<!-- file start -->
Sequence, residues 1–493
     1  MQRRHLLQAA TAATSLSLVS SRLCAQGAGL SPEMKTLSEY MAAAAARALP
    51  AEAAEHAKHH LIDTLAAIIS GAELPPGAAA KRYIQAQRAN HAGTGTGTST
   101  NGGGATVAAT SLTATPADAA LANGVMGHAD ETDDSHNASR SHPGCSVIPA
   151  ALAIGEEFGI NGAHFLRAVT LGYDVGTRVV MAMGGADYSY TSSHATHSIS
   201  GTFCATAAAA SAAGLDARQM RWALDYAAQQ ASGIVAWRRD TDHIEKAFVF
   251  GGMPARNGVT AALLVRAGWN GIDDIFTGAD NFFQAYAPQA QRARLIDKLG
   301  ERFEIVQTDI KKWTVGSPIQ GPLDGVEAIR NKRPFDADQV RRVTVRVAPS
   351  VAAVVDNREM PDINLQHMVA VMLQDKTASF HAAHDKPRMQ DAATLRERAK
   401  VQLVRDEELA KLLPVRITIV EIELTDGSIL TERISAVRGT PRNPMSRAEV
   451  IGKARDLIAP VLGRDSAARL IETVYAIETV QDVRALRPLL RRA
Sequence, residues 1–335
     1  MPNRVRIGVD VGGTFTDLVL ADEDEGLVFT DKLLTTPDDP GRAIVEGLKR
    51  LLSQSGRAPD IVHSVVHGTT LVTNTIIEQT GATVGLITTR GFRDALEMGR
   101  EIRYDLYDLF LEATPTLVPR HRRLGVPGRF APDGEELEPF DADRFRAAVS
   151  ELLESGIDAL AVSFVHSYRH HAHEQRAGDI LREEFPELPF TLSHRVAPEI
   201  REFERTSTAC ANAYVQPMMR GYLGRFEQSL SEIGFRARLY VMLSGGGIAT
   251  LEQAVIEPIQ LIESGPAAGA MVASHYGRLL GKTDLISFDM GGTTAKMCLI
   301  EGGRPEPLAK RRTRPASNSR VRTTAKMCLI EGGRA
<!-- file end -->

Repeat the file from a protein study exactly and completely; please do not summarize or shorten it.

Sequence, residues 1–493
     1  MQRRHLLQAA TAATSLSLVS SRLCAQGAGL SPEMKTLSEY MAAAAARALP
    51  AEAAEHAKHH LIDTLAAIIS GAELPPGAAA KRYIQAQRAN HAGTGTGTST
   101  NGGGATVAAT SLTATPADAA LANGVMGHAD ETDDSHNASR SHPGCSVIPA
   151  ALAIGEEFGI NGAHFLRAVT LGYDVGTRVV MAMGGADYSY TSSHATHSIS
   201  GTFCATAAAA SAAGLDARQM RWALDYAAQQ ASGIVAWRRD TDHIEKAFVF
   251  GGMPARNGVT AALLVRAGWN GIDDIFTGAD NFFQAYAPQA QRARLIDKLG
   301  ERFEIVQTDI KKWTVGSPIQ GPLDGVEAIR NKRPFDADQV RRVTVRVAPS
   351  VAAVVDNREM PDINLQHMVA VMLQDKTASF HAAHDKPRMQ DAATLRERAK
   401  VQLVRDEELA KLLPVRITIV EIELTDGSIL TERISAVRGT PRNPMSRAEV
   451  IGKARDLIAP VLGRDSAARL IETVYAIETV QDVRALRPLL RRA
Sequence, residues 1–335
     1  MPNRVRIGVD VGGTFTDLVL ADEDEGLVFT DKLLTTPDDP GRAIVEGLKR
    51  LLSQSGRAPD IVHSVVHGTT LVTNTIIEQT GATVGLITTR GFRDALEMGR
   101  EIRYDLYDLF LEATPTLVPR HRRLGVPGRF APDGEELEPF DADRFRAAVS
   151  ELLESGIDAL AVSFVHSYRH HAHEQRAGDI LREEFPELPF TLSHRVAPEI
   201  REFERTSTAC ANAYVQPMMR GYLGRFEQSL SEIGFRARLY VMLSGGGIAT
   251  LEQAVIEPIQ LIESGPAAGA MVASHYGRLL GKTDLISFDM GGTTAKMCLI
   301  EGGRPEPLAK RRTRPASNSR VRTTAKMCLI EGGRA